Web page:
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[ARCHIVED] This sample shows how to build a multitenant MVC web application that uses Azure AD for sign-in using the OpenID Connect protocol, and then calls a Office 365 API under the signed-in user's identity using tokens obtained via OAuth 2.0. This sample uses the OpenID Connect ASP.Net OWIN middleware and ADAL .Net.
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README.md

[ARCHIVED] Office 365 APIs MultiTenant Web Application

Note: This repo is archived and no longer actively maintained. Security vulnerabilities may exist in the project, or its dependencies. If you plan to reuse or run any code from this repo, be sure to perform appropriate security checks on the code or dependencies first. Do not use this project as the starting point of a production Office Add-in. Always start your production code by using the Office/SharePoint development workload in Visual Studio, or the Yeoman generator for Office Add-ins, and follow security best practices as you develop the add-in.

This sample shows how to build an MVC web application that uses Azure AD for sign-in using the OpenID Connect protocol, and then calls a Office 365 API under the signed-in user's identity using tokens obtained via OAuth 2.0. This sample uses the OpenID Connect ASP.Net OWIN middleware and ADAL .Net.

Update 12/16/2014 The sample now uses a persistent ADAL token cache that uses a database for its token cache. You can see the token cache implementation in the following files:

How to Run this Sample

To run this sample, you need:

  1. Visual Studio 2013
  2. Office 365 API Tools for Visual Studio 2013
  3. Office 365 Developer Subscription

Step 1: Clone or download this repository

From your Git Shell or command line:

git clone https://github.com/OfficeDev/O365-WebApp-MultiTenant.git

Step 2: Build the Project

  1. Open the project in Visual Studio 2013.
  2. Simply Build the project to restore NuGet packages.
  3. Ignore any build errors for now as we will configure the project in the next steps.

Step 3: Configure the sample

Once downloaded, open the sample in Visual Studio.

Register Azure AD application to consume Office 365 APIs

Office 365 applications use Azure Active Directory (Azure AD) to authenticate and authorize users and applications respectively. All users, application registrations, permissions are stored in Azure AD.

Using the Office 365 API Tool for Visual Studio you can configure your web application to consume Office 365 APIs.

  1. In the Solution Explorer window, right click your project -> Add -> Connected Service.
  2. A Services Manager dialog box will appear. Choose Office 365 -> Office 365 API and click Register your app.
  3. On the sign-in dialog box, enter the username and password for your Office 365 tenant.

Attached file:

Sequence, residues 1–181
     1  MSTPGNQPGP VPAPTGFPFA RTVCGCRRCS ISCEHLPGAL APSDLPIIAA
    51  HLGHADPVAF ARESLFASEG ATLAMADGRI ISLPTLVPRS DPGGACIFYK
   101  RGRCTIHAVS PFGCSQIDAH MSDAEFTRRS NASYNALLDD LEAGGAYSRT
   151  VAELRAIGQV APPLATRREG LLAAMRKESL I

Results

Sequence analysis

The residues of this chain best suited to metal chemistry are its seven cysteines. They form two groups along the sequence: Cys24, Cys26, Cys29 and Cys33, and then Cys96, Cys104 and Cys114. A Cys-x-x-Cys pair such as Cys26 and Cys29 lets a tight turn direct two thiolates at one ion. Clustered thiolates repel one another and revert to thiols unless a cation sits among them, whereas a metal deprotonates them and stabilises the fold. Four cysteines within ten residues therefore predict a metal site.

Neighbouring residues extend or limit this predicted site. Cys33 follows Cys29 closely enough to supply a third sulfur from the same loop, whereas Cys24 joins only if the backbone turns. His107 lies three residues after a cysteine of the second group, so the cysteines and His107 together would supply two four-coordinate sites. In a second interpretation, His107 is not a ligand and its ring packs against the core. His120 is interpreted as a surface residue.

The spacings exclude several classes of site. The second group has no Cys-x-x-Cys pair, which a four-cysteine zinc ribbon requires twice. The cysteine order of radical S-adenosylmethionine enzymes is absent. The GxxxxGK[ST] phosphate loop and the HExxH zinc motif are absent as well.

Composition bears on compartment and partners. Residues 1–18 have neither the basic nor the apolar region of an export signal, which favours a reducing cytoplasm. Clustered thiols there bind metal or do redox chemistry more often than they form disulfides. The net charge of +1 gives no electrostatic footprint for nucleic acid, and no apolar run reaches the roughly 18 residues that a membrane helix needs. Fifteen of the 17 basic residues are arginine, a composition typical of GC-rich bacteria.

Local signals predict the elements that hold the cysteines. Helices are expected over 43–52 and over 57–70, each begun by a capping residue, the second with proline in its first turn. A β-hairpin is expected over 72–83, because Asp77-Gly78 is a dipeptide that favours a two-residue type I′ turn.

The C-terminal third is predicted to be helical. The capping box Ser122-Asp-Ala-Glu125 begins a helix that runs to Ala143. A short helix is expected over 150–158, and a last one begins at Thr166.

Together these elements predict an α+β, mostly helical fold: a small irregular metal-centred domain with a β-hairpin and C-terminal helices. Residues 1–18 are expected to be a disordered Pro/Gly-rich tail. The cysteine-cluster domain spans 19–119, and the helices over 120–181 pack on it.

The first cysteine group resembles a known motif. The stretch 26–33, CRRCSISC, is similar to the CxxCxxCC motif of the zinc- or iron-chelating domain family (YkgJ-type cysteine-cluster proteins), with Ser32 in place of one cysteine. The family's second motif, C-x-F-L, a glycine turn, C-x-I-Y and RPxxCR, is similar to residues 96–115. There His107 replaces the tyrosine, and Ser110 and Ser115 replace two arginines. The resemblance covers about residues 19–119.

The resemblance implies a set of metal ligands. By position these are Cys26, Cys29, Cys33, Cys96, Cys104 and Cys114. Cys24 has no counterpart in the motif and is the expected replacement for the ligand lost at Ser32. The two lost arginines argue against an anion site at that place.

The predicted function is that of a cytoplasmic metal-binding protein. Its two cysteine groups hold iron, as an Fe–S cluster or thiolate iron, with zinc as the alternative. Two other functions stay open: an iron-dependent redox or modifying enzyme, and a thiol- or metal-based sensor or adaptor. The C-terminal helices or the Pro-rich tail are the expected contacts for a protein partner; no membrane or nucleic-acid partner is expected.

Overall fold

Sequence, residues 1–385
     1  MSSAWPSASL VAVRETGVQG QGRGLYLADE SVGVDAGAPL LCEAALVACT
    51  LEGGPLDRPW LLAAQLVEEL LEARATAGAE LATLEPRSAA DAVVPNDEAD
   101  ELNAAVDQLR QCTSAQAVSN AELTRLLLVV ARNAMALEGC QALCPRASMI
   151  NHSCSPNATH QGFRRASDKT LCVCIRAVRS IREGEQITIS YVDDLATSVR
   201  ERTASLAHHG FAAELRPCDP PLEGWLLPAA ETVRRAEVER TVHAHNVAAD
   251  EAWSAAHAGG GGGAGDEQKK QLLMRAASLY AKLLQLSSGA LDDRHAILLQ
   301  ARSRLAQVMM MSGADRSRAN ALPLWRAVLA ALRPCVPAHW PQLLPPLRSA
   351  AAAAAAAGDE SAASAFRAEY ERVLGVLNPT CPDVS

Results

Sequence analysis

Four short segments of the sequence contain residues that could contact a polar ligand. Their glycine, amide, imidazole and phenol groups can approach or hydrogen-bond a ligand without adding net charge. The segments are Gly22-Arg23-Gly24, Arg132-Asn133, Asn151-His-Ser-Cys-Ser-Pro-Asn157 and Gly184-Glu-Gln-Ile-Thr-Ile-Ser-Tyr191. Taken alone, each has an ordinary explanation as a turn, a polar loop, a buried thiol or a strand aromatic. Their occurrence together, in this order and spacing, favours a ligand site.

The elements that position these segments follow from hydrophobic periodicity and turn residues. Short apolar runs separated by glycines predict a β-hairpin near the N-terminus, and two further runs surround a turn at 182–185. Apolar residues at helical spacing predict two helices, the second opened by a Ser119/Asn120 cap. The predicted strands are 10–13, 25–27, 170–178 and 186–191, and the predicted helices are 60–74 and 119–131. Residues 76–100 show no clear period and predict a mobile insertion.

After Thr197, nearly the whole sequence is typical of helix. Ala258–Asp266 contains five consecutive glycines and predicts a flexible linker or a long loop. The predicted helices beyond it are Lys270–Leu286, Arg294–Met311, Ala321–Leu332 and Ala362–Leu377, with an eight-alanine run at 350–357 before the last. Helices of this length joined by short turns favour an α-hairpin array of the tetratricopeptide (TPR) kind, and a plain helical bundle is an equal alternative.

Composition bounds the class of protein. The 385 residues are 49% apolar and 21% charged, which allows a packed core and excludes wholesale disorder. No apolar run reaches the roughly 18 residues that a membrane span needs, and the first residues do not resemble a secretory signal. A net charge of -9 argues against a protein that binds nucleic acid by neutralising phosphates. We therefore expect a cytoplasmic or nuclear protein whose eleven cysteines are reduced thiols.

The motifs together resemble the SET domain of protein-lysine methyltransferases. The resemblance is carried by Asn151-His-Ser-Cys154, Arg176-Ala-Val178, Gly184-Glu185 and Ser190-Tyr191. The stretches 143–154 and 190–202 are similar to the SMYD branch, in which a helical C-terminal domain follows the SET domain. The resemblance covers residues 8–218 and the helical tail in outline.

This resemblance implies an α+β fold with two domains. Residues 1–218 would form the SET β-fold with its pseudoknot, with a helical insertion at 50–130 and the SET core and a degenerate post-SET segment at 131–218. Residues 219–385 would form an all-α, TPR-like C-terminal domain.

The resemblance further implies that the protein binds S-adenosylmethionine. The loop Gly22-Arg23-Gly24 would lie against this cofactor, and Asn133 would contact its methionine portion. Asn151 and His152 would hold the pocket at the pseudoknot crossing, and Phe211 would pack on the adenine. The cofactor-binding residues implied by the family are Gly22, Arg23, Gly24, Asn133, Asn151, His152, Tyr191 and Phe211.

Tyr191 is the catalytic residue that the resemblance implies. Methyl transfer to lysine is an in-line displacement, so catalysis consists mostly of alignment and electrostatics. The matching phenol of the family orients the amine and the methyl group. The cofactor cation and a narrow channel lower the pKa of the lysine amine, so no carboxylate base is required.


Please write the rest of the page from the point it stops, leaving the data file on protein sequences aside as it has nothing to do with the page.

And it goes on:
4. After you're signed in, you will see a list of all the services.
  5. Initially, no permissions will be selected, as the app is not registered to consume any services yet.
  6. Select Users and Groups and then click Permissions
  7. In the Users and Groups Permissions dialog, select Enable sign-on and read users profiles' and click Apply
  8. Select Contacts and then click Permissions
  9. In the Contacts Permissions dialog, select Read users' contacts and click Apply
  10. Click on App Properties and select Multiple Organizations to make this app multi-tenant.
  11. Click Ok

After clicking OK in the Services Manager dialog box, Office 365 client libraries (in the form of NuGet packages) for connecting to Office 365 APIs will be added to your project.

In this process, Office 365 API tool registered an Azure AD Application in the Office 365 tenant that you signed in the wizard and added the Azure AD application details to web.config.

Step 4: Build and Debug your web application

Now you are ready for a test run. Hit F5 to test the app.

Quick Look at the SSO Authentication Code

The authentication startup class, App_Start/Startup.Auth.cs in the project contains the startup logic for Azure AD authentication.

The sample uses a persistent ADAL token cache that uses a database for its token cache. You can see the token cache implementation in the following files:

Sign In and Sign Out Controls

The sign in and sign out controls are already added to the views. You can find them under Views\Shared folder.

  1. _LoginPartial.cshtml is the partial view that renders the Sign In and Sign Out actions.
  2. _LoginPartial.cshtml is then rendered in _Layout.cshtml
  3. The AccountController.cs has the required methods for sign in and sign out.

Requiring authentication to access controllers

Applying Authorize attribute to all controllers in your project will require the user to be authenticated before accessing these controllers. To allow the controller to be accessed anonymously, remove this attribute from the controller. If you want to set the permissions at a more granular level, apply the attribute to each method that requires authorization instead of applying it to the controller class.

Write Code to call Office 365 APIs

You can now write code to call an Office 365 API in your web application. You can apply the Autorize attribute to the desired controller or the method in which you wish to call Office 365 API.

ContactsController.cs describes how to interact with the Office 365 API discovery service, get the endpoint URI and resource Id for Outlook Services and then query users' contacts.

This project has adopted the Microsoft Open Source Code of Conduct. For more information, see the Code of Conduct FAQ or contact opencode@microsoft.com with any additional questions or comments.

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